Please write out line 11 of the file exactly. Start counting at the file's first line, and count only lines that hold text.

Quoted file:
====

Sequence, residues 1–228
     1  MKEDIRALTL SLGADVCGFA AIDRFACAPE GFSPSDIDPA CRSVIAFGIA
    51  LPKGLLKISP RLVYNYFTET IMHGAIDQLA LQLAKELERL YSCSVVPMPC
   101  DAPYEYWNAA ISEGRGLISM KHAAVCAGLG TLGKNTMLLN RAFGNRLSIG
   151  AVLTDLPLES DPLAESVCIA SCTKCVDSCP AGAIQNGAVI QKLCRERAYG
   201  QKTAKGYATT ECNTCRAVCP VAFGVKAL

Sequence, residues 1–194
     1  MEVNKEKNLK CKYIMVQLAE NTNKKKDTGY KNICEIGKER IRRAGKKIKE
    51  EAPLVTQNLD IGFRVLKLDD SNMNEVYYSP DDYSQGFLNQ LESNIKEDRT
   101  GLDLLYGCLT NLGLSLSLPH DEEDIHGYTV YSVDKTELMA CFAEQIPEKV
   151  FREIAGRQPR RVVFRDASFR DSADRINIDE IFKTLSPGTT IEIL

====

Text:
   151  FREIAGRQPR RVVFRDASFR DSADRINIDE IFKTLSPGTT IEIL